It’s a modest establishment, this down-to-earth café on Broadway in Kingston that specializes in Guatemalan-American cuisine. Opened nearly three years ago by Noe Delcid and his partner Ewelina, the kitchen’s steady production of Latin-based dishes using fresh ingredients has garnered a following. The fact that Peace Nation was originally meant to be a tee-shirt shop is beside the point now (although patrons can find a shelf of them and other natural-fiber items near the end of the counter).
Striving to bring organically grown plant-based foods and hormone-free meats to the local population is the goal. “Everyone cares about the environment these days, and plant-based foods are the most friendly for the environment. In Midtown Kingston, where being vegan or vegetarian is a relatively new thing, I want to serve food that local people can buy. We have a separate vegan menu, and we do like to cater to that market. Our biggest challenge has been to carry this food while maintaining prices under $13 per dish.”
Delcid explains that the cost of food supplies should typically be around 33 percent of the menu price. “Some places have higher or lower margins. In the beginning, we said, ‘Let’s just start with low prices and good-quality ingredients. See where our sales are at and go from there.’ We get people in who don’t live in Kingston, but a lot of locals, too.” His business training is all about life experience, having worked under a French chef while still in high school, helping out with his parents’ business, and owning a restaurant and bakery when he was 26 years old.
Coming to Kingston from Westchester was serendipitous. “I chose Kingston and Kingston chose me. I attended SUNY-New Paltz and did like living up here. The Peace Nation brand got started when I was selling tee-shirts in 2012. I was looking to expand and found Kingston because of its affordability, compared to rents at 10-to-15 grand downstate. This building was the third place we bid on. I wasn’t planning a café per se, but it came with this [kitchen] setup, so I decided to merge all the things I was doing already: eating good, healthy organic food. I had restaurant experience. I like to work with my hands; we remodeled most of this place ourselves. It came out better than I had envisioned it.”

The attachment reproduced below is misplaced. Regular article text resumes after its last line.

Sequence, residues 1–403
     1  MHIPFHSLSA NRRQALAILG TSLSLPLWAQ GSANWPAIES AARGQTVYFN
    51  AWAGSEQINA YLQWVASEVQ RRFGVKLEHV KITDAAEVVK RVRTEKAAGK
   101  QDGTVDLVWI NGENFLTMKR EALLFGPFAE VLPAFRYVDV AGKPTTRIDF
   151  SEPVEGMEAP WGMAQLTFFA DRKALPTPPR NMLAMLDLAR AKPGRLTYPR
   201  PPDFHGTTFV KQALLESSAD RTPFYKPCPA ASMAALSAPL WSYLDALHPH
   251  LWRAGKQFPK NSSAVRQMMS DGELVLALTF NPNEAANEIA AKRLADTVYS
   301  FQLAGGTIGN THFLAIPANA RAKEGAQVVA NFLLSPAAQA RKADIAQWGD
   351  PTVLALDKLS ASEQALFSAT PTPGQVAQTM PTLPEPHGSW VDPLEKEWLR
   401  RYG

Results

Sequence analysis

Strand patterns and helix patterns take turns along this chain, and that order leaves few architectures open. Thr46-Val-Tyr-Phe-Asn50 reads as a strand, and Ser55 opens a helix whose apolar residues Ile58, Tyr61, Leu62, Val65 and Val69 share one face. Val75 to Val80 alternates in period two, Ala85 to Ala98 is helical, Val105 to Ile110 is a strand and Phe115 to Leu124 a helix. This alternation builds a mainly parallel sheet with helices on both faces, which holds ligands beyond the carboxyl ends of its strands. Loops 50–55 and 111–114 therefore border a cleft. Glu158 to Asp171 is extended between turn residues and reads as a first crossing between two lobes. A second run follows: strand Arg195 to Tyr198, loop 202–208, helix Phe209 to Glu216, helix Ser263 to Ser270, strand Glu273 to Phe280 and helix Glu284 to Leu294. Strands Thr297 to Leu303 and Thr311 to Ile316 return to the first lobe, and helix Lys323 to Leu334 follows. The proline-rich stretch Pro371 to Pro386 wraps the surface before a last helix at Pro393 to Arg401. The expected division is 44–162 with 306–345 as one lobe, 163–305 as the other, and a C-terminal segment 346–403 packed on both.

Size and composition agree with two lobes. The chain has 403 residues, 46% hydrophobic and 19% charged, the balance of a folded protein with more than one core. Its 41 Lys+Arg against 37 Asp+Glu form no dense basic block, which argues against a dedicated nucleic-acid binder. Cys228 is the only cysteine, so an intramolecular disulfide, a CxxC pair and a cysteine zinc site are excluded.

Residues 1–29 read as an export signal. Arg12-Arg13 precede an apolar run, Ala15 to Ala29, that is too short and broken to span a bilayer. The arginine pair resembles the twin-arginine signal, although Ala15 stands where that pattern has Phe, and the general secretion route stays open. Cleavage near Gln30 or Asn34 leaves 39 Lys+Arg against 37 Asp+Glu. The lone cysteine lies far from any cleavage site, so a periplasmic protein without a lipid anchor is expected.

Renovation involved removing the dropped ceiling and booths, installing LED spotlights: They give the space that galleryesque feeling for the paintings along the walls. Every first Saturday of the month, the work of local artists is celebrated. Peace Nation occasionally hosts live music and other special events.
“We’re trying to create a business model that cares not just about profit. It’s important for the health of a company to generate profit, but also to incorporate two factors that are mostly neglected: the environment and the people, meaning the employees and other stakeholders, such as whom we source our food from. We’re supporting the local economy.
“We’re concerned about where our waste goes, so we compost. Our lights are powered by wind farms from upstate. We pay a little more, but I think it’s worth it. We use plastics made from corn, so all our to-go containers are biodegradable. There are a lot of new companies coming up with great ideas, and I think it’s important to support them. Cups and straws made from plants cost more than traditional materials, but I said, ‘Let’s set it up and do the best we can. If it doesn’t work, we’ll adjust.’”
Delcid comes from hardworking, close-to-the-Earth people himself. “My dad left the farm to go into the city, but that’s what he was doing: milking the cows at 5 a.m. My parents’ families were farming families. One of my grandmas sold tortillas to raise her kids. On my mom’s side, my grandma sewed clothes to raise her kids. Now I’m selling hemp shirts and good food – like both my grandmas.”
When asked about this inherited work ethic, he says, “My parents taught me all the things I know. They came here with not much, not speaking any English, and they made something of themselves. I’ve seen what is possible with hard work and dedication and some sacrifice.”
As for his philosophical bent, he says, “You grow up and develop a worldview, and also a galactic view: to appreciate our place where Earth is in the universe. You realize our limited time here is so precious – 90 years if we’re lucky – and we should really just love each other. Earth is the only place we have. So why not cherish and respect it, take care of it and each other?”
And while you’re here, why not enjoy fresh entrées and à la carte options, such as pupusas and carne asada and garnachas and tacos and chilaquiles, with gluten-free handmade tortillas and lots more. “I highly recommend our Peace Burger: It tastes like a real burger, without the negative effects on the carbon footprint.”
For catering, e-mail firstname.lastname@example.org.
Peace Nation Café, Wednesday-Sunday, 9 a.m.-4 p.m., 636 Broadway, Kingston; (845) 514-2561; www.peacenationcafe.com.